From the opening credits’ smoldering devil’s head, we can probably guess what kind of film Grave Walkers will be. As if that were not enough of a hint, a quote by Martin Luther next appears: “For where God built a church, there the Devil would also build a chapel”
In a small college town Deputy Hancock pulls up to the Copeland’s gated mansion where a Halloween party is in progress. After a sudden power outage, the deputy enters the house and finds it strewn with dead bodies wearing devil masks as well a mysterious naked woman whom she arrests on the spot. Sheriff Pete (Vladmir Kulitch) has taken two young men into custody who happen to be on the FBI’s most wanted list but are just shy of the top ten, Mister 11 (Ed Ricker) and Mister 12 (Carter). When Hancock brings in her prisoner, a boozy Pete goes ballistic thinking that she is his evil dead father and he has to be restrained by deputies Sam (Vincent M. Ward) and Eric (J. Richey Nash) each seeing her as a different criminal. Dispatcher Sharon (Karen Wheeling Reynolds) contributes to the confusion by seeing yet another criminal face. It becomes clear that there is some form of demonic possession happening as those affected have flashing lights instead of eyes.
Pete, Hancock, and Sharon go to the University so Archaeology Professor George (Ira David Wood III) can examine an old box found at the Copeland mansion. George finds a bone whistle, a bell, and a card containing the above-mentioned Martin Luther quotation. When Dean Wilburn (Tim Ross) rings the bell, the previously black and white picture changes to full color (shades of Wizard of Oz) and ash begins to fall from the sky. Meanwhile back at the morgue, the medical examiner (Rob Rainbolt III) is arguing with his mother on the phone when several bodies with light-emitting eyes rise from the slab and leave the hospital. At the same time, corpses with, you guessed it, flashing green eyes emerge from their graves and begin to make their move to engage the local pastor (Tony Todd) who will invoke the exorcism ritual and free the rest of the dead.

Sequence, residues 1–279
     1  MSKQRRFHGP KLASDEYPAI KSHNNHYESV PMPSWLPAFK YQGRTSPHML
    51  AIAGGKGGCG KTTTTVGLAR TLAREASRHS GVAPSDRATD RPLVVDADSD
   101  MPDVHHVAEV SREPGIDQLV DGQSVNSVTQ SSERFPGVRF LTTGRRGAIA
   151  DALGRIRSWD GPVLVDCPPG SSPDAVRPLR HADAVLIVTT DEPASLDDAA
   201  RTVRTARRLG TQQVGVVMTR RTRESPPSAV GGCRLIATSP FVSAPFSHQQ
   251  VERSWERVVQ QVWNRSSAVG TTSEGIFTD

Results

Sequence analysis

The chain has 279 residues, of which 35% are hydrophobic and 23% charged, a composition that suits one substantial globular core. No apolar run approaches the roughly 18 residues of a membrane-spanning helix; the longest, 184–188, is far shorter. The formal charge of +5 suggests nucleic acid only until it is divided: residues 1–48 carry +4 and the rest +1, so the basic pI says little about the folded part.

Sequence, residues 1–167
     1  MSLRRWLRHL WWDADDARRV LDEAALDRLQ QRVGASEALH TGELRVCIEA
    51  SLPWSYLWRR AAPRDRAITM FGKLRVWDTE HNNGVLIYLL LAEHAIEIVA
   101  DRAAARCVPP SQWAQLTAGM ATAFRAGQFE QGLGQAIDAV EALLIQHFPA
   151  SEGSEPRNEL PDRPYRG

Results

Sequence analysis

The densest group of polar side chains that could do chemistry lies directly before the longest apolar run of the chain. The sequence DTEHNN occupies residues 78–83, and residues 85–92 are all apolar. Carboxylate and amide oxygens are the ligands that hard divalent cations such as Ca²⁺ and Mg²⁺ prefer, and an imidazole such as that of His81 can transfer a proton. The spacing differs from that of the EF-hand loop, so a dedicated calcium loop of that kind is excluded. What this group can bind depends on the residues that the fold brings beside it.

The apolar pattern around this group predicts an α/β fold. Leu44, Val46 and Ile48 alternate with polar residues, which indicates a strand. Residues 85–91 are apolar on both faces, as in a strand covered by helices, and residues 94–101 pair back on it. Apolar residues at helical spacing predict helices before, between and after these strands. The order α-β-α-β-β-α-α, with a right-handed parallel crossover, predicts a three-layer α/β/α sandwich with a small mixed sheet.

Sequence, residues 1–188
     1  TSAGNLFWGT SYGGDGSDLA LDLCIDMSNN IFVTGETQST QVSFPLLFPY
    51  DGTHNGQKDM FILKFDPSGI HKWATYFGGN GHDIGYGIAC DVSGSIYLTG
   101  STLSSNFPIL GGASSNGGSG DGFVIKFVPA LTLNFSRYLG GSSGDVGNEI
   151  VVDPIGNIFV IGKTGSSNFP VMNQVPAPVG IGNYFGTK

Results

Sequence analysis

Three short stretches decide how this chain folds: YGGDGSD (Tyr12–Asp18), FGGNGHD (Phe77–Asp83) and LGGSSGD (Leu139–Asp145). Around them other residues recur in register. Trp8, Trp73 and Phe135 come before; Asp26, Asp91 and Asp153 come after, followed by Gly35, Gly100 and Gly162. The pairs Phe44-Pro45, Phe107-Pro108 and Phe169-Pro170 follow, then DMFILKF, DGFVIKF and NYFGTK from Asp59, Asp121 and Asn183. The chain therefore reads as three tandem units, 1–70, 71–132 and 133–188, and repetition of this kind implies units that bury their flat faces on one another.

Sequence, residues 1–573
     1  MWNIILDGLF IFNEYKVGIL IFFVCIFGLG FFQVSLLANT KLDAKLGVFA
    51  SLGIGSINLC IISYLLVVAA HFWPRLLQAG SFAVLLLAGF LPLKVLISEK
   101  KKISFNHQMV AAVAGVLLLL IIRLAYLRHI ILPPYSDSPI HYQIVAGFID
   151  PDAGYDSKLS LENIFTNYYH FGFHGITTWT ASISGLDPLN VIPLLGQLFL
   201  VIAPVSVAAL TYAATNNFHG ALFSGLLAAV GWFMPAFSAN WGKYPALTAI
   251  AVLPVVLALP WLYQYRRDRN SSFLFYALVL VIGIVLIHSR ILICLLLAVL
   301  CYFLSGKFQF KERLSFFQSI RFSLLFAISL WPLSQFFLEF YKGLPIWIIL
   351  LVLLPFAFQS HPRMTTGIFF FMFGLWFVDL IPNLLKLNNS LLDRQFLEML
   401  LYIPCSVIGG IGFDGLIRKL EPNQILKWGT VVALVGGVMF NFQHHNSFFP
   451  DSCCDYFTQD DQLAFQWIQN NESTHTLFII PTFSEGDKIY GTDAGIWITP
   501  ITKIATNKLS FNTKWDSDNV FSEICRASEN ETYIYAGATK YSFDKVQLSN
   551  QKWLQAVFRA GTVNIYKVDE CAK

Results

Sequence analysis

Okay, if you haven’t figured it out by now, this is yet another zombie flick but one with a very different slant from the usual “walking dead” fare as these living dead creatures can ride motorcycles, fire rocket-propelled grenades, use sniper rifles, and can’t easily be killed (hey, they’re already dead!). To add further to the melee, there is another group of “red-eyed” critters that get into the fray while Pete, Eric, Hancock, Really Rosie (Raven Whisnant), and FBI agent Campbell (Frank Saverino) prepare to fight the zombies to the death.
Shades of Shaun of the Dead, this is a campy blend of horror and comedy to a fare-thee-well. With a storyline and dialogue style that hearkens back to the Roger Corman School of “don’t take us too seriously” point of view, this is a 21st century effort to return to the B-film shockers of the 1950s and 1960s. Grave Walkers will also recall the drive-in movies that baby boomers flocked to see (or not see) in their large tail-finned cars with bench seats that could squeeze in six to eight teenagers. All told, writer/director Ari Kirschenbaum (Fabled) and cinematographer Russ de Jong (Farhope Tower) give us an entertaining, if uneven watch that seems to go in multiple directions at the same time.
Grave Walkers initially made the rounds at horror film festivals in 2015 and is now gearing up for release on VOD and DVD in the UK, where it will be available starting 26th September 2016 (VOD) and 3rd October 2016 (DVD).
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